Common Grace

Regardless of whether you acknowledge God or not, His providential care has touched you personally. Each of us, in some manner, has received the grace of God. That is because His favor has been extended to all.

Theologically speaking, this is known as the doctrine of common grace. Dr. Heath Lambert in his excellent book A Theology of Biblical Counseling explains:1

cover85287-mediumCommon grace is the good kindness of God that He shows to all people regardless of whether they have experienced the salvation that comes through Jesus Christ alone. It is called common because it comes to all people—believers and unbelievers alike. It is referred to as grace because this kindness is undeserved.

Psalm 145:9 proclaims that the “Lord is good to all; He has compassion on all He has made.” Indeed, we have much to be grateful for. We behold and benefit from these divine gifts of kindness day in, day-out.

How so? Lambert dedicates an entire chapter to this subject—common grace, by breaking it out into three categories: moral, physical, and intellectual provision.

1. Divine Moral Provision

[T]he corruption of mankind and… the human race [is best described] as totally depraved… this total depravity means that sin has affected every aspect of mankind. It does not mean that people are as sinful it is possible for them to be. Such an exhaustive level of depravity would make the world miserable and unlivable. We have been spared such a horrendous existence because of God’s common grace.

Let us be thankful to live in a society where there is moral restraint placed upon those who seek to do us great harm. Evil. I remember John MacArthur preaching on this subject; making the point that God has given us the conscience, family, civil authority, and church to help provide these restraints. (Listen to How God Restrains Evil in the Word.)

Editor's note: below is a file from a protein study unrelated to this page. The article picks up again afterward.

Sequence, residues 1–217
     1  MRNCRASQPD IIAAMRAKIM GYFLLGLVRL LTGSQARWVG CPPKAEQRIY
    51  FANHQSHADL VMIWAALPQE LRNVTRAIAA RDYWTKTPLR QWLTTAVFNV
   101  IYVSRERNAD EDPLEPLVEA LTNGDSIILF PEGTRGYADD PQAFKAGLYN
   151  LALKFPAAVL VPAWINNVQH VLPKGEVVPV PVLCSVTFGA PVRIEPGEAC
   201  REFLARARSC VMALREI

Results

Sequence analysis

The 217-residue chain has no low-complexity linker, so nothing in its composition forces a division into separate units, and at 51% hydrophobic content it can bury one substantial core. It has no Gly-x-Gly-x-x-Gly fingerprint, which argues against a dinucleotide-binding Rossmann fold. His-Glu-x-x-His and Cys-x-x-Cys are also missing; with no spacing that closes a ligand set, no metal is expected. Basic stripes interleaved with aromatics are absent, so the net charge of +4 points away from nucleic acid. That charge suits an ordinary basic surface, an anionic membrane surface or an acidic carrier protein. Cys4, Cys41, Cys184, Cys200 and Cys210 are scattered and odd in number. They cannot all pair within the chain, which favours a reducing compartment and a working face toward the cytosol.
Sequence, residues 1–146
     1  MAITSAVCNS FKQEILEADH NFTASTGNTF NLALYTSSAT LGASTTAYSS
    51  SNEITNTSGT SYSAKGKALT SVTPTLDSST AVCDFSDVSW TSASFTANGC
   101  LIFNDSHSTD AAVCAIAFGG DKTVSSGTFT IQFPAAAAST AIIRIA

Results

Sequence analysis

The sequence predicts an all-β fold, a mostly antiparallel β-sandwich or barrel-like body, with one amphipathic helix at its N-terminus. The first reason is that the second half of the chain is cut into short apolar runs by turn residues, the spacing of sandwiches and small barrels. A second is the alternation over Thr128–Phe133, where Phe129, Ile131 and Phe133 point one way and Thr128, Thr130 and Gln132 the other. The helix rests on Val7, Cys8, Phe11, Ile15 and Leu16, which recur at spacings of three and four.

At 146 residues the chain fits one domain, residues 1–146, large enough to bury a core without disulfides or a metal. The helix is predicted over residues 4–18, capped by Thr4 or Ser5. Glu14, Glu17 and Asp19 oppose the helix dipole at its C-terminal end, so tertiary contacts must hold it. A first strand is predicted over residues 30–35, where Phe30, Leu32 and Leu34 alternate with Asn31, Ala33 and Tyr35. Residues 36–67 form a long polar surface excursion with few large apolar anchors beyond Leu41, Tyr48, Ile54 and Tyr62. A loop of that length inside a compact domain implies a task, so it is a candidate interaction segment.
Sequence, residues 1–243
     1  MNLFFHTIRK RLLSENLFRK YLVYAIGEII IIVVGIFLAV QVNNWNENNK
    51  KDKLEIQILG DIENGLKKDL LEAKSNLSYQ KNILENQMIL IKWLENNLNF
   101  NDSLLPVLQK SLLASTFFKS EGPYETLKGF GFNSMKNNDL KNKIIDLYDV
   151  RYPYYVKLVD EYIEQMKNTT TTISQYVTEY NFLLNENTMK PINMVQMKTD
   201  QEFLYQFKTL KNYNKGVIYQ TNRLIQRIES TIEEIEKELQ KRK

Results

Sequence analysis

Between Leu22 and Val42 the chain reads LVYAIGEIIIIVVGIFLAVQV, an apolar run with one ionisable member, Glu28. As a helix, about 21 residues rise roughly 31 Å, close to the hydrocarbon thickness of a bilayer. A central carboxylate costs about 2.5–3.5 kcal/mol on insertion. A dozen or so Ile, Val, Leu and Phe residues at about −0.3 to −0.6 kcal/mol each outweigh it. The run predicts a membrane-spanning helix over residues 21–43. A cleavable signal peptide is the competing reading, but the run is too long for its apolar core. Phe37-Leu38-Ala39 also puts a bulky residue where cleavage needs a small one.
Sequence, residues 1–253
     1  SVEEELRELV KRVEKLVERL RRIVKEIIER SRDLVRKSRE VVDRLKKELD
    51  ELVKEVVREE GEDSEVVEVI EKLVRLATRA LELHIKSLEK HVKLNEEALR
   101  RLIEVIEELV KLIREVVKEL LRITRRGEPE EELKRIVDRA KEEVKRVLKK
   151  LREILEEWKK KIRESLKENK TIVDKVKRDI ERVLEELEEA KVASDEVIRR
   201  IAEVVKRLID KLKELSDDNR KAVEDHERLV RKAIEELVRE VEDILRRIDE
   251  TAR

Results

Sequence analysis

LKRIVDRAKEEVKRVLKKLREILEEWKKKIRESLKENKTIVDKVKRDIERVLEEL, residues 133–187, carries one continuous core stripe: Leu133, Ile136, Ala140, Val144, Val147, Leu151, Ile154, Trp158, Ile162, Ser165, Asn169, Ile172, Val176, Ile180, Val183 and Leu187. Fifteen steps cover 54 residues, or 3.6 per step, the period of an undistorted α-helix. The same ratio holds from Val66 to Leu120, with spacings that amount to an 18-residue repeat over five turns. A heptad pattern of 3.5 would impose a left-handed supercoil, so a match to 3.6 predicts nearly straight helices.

2. Divine Physical Provision

[H]e also provides for our physical needs in His common grace. One of the clearest places we see this in the Bible is in Matthew 5:43-45: “You have heard that it was said, ‘You shall love your neighbor and hate your enemy.’ But I say to you, love your enemies and pray for those who persecute you, so that you may be sons of your Father who is in heaven; for He causes His sun to rise on the evil and the good, and sends rain on the righteous and the unrighteous.”

Jesus urges His hearers to be like God in being kind to people who hate them. The point He makes is that God is kind to all by sending the sun and rain to all people, believers and unbelievers alike. You do not have to be saved to enjoy the sun at the beach or to have crops watered. God sends those blessings to everyone.

Let us be thankful to live in a sphere of the world where we can enjoy many physical blessings. Rails-to-trails, the Jersey Shore, and Middle Creek Wildlife Management Area are a few of my regional favorites.

3. Divine Intellectual Provision

God’s common grace also makes provision for our intellectual life. Saved and unsaved people are able to know correct information. Many unbelievers have access to more accurate information than Christians do.

Let us be thankful for our safe surroundings, where we have many medical and technological advancements that improve upon our lives daily. God has given man intellect and innovation. Imagine our lives without air conditioning, cell phones, electricity, hospitals, and running water.

God’s common grace requires gratitude from Christians because this is one of the main ways God is kind to His people… It is sinful for Christians, who know the God who distributes the grace, to fail to be thankful for the display of that grace.

Are you thankful? If you know Him, you should be.


 Lambert, Heath. A Theology of Biblical Counseling: The Doctrinal Foundations of Counseling Ministry (Grand Rapids: Zondervan, 2016). 67-70.